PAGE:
Preventing Excessive Alcohol Consumption
Excessive alcohol consumption is the third leading cause of preventable death in the United States and is a risk factor for many health and societal problems. In 2006, the estimated economic cost of excessive drinking in the U. S. was $223.5 billion (Bouchery et al., 2011).
Excessive alcohol consumption can take the form of heavy drinking, binge drinking, or any drinking by pregnant women or underage youth.
- Heavy drinking is defined as more than two drinks per day on average for men or more than one drink per day on average for women.
- Binge drinking is defined as five or more drinks during a single occasion for men or four or more drinks during a single occasion for women.
- Approximately 1 in 6 US adults binge drinks, about 4 times a month. On average, the largest number of drinks consumed during a binge is 8.
- Underage drinking is considered a form of excessive drinking because it is both illegal and often involves consumption in quantities and settings that can lead to serious immediate and long-term consequences.
- People aged 12 to 20 years drink 11% of all alcohol consumed in the United States. More than 90% of this alcohol is consumed in the form of binge drinks (OJJDP) [PDF - 1.08 MB] .
Task Force Recommendations and Findings
This table lists interventions reviewed by the Community Guide, with a summary of the Task Force finding (definitions of findings). Click on an underlined intervention title for a summary of the review.
|Interventions Directed to the General Population|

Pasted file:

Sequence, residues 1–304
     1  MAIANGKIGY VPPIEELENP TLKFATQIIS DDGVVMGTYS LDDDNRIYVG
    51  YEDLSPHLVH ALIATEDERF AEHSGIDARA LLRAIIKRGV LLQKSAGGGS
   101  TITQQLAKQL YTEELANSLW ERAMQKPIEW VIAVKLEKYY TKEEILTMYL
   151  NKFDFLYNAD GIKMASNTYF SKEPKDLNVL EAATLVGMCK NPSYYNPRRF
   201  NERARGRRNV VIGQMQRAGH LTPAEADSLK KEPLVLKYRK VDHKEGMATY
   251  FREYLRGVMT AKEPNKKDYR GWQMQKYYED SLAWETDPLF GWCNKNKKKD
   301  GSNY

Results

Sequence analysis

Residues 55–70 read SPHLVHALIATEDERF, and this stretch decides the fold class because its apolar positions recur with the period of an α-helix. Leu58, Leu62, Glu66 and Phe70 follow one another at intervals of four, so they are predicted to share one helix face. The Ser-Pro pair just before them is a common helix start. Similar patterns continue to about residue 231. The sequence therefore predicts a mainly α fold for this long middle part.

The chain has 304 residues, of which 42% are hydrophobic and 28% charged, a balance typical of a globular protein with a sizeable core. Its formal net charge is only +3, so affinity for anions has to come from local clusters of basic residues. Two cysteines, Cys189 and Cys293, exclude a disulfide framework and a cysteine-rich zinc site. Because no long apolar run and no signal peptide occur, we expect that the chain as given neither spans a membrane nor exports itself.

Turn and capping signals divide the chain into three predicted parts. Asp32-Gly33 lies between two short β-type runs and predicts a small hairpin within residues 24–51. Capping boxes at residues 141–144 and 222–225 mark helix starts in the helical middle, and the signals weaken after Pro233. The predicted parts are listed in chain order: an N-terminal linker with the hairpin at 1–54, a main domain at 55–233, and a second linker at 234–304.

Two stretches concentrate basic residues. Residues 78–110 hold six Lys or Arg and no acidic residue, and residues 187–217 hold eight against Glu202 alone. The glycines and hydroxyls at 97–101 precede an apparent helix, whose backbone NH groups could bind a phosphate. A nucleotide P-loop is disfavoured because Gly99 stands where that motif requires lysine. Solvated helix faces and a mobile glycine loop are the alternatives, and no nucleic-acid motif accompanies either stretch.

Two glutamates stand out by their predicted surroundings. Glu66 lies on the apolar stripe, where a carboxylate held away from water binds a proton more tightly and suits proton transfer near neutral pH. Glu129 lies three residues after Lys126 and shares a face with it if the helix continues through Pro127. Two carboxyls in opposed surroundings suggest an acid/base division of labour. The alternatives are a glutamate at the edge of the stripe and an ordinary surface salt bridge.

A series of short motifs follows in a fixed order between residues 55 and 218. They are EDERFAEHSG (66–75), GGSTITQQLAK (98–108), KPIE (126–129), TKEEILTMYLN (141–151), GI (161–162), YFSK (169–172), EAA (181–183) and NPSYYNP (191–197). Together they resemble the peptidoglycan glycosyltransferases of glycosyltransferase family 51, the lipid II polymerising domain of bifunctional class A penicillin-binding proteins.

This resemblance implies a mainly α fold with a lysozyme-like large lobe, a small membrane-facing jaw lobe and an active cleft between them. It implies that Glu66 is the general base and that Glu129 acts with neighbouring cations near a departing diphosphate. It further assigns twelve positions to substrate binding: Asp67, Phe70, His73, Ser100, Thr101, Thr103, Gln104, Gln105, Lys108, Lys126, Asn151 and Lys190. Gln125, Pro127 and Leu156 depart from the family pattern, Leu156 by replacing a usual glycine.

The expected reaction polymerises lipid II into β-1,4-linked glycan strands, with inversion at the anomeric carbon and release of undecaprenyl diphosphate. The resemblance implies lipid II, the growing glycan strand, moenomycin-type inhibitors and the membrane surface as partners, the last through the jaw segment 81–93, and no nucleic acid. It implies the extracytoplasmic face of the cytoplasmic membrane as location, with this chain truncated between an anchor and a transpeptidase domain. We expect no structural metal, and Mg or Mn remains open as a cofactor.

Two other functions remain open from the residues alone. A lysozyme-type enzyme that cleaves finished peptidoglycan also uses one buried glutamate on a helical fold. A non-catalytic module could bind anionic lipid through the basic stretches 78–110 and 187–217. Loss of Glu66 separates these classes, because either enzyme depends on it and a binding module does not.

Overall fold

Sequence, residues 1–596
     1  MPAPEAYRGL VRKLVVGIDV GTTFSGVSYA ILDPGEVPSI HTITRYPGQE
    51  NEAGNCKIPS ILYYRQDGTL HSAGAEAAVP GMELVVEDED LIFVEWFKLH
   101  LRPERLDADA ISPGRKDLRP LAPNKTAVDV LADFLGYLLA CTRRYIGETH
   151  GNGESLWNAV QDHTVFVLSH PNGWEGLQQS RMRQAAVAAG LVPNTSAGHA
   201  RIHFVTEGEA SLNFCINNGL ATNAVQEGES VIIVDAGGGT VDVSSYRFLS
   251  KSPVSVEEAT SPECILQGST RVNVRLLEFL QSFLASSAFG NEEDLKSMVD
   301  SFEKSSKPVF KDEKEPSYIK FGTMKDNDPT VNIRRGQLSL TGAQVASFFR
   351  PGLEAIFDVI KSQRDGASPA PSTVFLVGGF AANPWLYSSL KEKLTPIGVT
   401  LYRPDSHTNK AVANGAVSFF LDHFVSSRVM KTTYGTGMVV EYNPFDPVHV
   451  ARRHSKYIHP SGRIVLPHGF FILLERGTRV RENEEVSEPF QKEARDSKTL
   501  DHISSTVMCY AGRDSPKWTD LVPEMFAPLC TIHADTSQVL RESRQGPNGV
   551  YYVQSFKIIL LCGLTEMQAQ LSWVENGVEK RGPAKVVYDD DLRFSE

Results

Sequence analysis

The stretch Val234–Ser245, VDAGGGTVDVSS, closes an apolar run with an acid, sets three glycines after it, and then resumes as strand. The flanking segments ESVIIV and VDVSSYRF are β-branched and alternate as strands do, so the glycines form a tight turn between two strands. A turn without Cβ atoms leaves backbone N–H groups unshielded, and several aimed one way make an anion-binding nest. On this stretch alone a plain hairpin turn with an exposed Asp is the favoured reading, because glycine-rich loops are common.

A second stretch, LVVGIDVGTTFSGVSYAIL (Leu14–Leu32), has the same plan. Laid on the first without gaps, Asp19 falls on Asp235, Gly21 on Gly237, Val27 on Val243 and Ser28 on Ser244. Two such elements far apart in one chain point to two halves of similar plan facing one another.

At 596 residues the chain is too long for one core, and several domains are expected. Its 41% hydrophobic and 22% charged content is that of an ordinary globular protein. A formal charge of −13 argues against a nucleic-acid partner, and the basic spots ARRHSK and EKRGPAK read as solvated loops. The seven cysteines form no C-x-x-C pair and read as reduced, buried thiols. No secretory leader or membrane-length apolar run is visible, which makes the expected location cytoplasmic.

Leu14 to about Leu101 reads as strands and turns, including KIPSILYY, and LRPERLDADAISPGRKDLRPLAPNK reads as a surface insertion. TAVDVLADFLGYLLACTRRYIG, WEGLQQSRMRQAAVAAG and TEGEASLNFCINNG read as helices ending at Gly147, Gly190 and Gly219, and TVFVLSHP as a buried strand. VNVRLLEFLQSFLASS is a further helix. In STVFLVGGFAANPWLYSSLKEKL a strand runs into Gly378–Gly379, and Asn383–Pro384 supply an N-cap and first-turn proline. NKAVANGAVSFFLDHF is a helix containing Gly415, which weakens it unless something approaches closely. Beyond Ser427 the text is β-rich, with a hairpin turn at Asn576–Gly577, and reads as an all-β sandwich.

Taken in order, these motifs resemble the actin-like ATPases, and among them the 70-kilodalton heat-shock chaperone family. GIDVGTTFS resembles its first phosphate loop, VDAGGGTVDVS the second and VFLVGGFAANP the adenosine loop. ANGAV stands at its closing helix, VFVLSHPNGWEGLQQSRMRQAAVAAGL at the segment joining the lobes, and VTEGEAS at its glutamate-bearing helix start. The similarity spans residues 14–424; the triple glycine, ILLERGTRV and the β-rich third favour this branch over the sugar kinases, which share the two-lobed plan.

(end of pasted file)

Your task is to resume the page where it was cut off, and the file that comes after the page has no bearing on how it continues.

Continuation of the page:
|Dram Shop Liability||Recommended
|Electronic Screening and Brief Intervention (e-SBI)||Recommended
|Increasing Alcohol Taxes||Recommended
|Maintaining Limits on Days of Sale||Recommended
|Maintaining Limits on Hours of Sale||Recommended
|Overservice Law Enforcement Initiatives||Insufficient Evidence
|Privatization of Retail Alcohol Sales|| Recommended Against
|Regulation of Alcohol Outlet Density||Recommended
|Responsible Beverage Service Training||Insufficient Evidence
|Interventions Directed to Underage Drinkers|
|Enhanced Enforcement of Laws Prohibiting Sales to Minors||Recommended
Bouchery EE, Harwood HJ, Sacks JJ, Simon CJ, Brewer RD. Economic costs of excessive alcohol consumption in the U.S., 2006. American Journal of Preventive Medicine 2011;41(5):516-24.
The findings and conclusions on this page are those of the Community Preventive Services Task Force and do not necessarily represent those of CDC. Task Force evidence-based recommendations are not mandates for compliance or spending. Instead, they provide information and options for decision makers and stakeholders to consider when determining which programs, services, and policies best meet the needs, preferences, available resources, and constraints of their constituents.
The content of publications of the Guide to Community Preventive Services is in the public domain. Citation as to source, however, is appreciated. Sample citation: Guide to Community Preventive Services. Preventing excessive alcohol consumption. www.thecommunityguide.org/alcohol/index.html. Last updated: MM/DD/YYYY.